Few people are luckier than those who can step up with a needed skill in an important situation. The people that are able to do this are highly valued and opportunities come their way all the time. Of course, the way to be in that situation as often as possible is to have a plethora of skills. The more things you can do, the more often you’ll be the person who can provide the right skill in a necessary situation. Spending your spare time building skills is a strongly effective use of your time. Learn how to play a musical instrument. Learn how to fix a hole in drywall. Learn how to dismantle a PC and replace the parts in it. Learn how to fix an overflowing toilet. Learn how to replace a bathtub drain. Learn how to properly fix the printers in your workplace. The list goes on and on.
Each of those skills can pop up at a key moment when you really need it. There are always opportunities where a particular skill will come through, and the more skills you have, the more likely you are to be able to jump on an opportunity when it arises. Call it luck if you will, but I call it preparation.
A question is a beautiful thing. It represents interest in the subject. It represents interest in the person presenting the subject. It represents involvement in the moment. It represents a desire to learn and to gain knowledge. These elements combine to make a question into a very valuable thing. Questions can launch new areas of discussion in workplace meetings. Questions can show your interest in another person or in a topic. Questions can get a dying conversation back on a lively track. Questions can be the glue that binds together personal and professional relationships, and those relationships are often the ones that carry opportunities to your door.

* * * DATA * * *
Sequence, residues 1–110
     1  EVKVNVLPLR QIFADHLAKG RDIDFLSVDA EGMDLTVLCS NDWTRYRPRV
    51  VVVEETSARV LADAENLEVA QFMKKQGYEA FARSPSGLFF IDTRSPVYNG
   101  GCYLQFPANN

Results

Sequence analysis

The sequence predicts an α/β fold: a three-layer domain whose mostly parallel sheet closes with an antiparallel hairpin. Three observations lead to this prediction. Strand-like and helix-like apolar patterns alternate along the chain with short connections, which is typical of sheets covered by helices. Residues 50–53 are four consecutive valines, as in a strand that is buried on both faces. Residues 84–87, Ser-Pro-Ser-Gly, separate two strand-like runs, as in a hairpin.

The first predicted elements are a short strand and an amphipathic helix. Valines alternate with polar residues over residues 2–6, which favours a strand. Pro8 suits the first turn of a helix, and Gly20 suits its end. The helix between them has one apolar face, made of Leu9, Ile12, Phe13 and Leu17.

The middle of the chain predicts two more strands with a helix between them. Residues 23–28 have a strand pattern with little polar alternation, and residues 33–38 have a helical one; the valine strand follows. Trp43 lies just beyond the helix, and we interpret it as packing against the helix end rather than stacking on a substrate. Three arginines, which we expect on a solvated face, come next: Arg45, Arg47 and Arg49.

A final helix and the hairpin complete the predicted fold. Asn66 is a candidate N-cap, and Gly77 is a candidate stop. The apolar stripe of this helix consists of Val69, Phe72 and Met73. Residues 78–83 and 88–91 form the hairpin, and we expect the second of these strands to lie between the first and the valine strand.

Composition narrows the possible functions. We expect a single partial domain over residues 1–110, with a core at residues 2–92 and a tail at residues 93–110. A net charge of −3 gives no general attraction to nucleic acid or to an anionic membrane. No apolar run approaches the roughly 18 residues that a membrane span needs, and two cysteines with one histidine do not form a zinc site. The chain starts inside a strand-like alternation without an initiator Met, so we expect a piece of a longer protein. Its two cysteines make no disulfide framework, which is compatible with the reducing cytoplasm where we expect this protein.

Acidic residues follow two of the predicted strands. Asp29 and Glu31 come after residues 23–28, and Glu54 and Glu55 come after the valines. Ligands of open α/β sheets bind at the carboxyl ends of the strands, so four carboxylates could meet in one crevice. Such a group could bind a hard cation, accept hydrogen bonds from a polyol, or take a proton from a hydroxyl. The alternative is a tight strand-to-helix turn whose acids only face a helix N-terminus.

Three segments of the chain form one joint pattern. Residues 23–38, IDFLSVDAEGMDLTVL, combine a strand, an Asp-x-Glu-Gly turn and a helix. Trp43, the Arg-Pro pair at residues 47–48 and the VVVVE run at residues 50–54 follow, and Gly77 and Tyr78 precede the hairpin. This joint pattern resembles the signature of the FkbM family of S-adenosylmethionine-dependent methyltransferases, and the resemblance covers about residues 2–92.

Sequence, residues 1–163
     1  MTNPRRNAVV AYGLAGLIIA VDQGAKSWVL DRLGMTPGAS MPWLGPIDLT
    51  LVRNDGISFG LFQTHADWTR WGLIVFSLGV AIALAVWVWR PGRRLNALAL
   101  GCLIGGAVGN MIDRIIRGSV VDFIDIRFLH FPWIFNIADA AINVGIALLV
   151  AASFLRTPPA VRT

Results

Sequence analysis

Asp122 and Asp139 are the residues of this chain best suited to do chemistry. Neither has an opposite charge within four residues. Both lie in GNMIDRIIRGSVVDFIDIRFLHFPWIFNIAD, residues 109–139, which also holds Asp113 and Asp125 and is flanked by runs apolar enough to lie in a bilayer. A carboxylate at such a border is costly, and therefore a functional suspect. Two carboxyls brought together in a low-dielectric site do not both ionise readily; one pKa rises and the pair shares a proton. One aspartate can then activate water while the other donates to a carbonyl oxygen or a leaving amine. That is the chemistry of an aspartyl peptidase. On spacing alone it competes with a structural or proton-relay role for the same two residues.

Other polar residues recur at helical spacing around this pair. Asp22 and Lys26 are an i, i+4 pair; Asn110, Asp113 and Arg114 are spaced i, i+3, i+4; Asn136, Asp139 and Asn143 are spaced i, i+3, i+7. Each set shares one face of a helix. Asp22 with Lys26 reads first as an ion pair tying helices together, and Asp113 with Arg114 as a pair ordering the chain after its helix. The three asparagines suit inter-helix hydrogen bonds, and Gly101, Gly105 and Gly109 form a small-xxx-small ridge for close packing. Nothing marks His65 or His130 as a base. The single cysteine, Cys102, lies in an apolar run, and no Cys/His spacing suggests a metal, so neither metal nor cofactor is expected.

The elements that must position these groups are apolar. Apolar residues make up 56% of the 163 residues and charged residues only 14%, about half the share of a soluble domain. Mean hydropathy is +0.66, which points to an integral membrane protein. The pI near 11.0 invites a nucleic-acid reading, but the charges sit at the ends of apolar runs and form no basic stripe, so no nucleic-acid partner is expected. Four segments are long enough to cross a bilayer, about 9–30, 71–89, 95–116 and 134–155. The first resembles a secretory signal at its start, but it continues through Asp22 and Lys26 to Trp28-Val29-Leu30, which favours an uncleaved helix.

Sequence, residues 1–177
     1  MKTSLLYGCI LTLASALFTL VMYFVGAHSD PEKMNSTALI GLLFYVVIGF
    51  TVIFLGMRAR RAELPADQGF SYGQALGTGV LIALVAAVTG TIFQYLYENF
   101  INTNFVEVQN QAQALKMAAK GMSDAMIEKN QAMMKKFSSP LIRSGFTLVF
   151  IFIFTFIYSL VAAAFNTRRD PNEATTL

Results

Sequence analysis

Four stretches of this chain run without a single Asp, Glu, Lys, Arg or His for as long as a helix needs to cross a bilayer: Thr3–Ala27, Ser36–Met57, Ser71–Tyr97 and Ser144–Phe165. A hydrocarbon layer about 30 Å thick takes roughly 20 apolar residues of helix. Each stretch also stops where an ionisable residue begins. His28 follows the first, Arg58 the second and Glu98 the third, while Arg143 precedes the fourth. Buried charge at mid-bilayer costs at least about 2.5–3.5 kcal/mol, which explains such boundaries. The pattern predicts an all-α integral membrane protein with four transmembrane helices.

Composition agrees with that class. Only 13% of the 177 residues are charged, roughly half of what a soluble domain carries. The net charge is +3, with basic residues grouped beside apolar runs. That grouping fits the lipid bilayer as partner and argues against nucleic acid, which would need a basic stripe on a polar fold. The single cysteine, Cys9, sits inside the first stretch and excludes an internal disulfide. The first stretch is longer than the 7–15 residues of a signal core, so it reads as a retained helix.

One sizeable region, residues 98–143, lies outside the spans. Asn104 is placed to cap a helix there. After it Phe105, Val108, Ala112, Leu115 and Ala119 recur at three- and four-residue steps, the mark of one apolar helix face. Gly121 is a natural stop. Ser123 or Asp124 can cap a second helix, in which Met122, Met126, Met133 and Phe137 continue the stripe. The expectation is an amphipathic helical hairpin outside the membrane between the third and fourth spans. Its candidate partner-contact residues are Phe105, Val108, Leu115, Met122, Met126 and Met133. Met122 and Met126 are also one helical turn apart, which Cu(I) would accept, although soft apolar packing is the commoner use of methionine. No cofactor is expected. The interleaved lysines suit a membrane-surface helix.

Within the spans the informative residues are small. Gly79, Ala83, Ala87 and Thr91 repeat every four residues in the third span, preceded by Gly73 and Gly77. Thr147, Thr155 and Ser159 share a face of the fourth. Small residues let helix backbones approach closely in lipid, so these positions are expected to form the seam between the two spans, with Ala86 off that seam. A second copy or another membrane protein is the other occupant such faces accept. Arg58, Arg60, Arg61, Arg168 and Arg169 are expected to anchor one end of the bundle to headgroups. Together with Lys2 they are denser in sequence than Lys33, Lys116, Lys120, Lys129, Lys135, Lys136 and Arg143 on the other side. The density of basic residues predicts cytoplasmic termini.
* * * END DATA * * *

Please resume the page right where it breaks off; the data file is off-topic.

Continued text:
Get involved in the community.
I’ve been involved in several different community organisations over the years. Simply because of that involvement, I see people I know all the time as I walk around town. I’ve been invited to dinners and eaten countless free meals. I’ve been offered some employment opportunities, as well as several different opportunities to promote my books. My kids have received free music lessons and many other nice opportunities. That’s on top of the benefits I get strictly from community involvement, where I know I’m giving my time to help out a worthwhile cause. Opportunities rain down on you when you have a lot of community connections, and community involvement is a great way to build a lot of connections.
Know your neighbours.
Much like community involvement, knowing your neighbours provides many different opportunities that might not otherwise come your way. A good relationship with our neighbours has meant an extra set of eyes on our home when we travel. It has meant children watched in emergencies and meals prepared when people are sick. Even more important, it has meant that some potential employment opportunities have been passed along, as well as news of a few estate auctions where huge bargains were found. Your neighbours live in the same area you do, but their experiences do not necessarily overlap your own. A good relationship with them means exposure to many more opportunities all around you. Don’t miss out.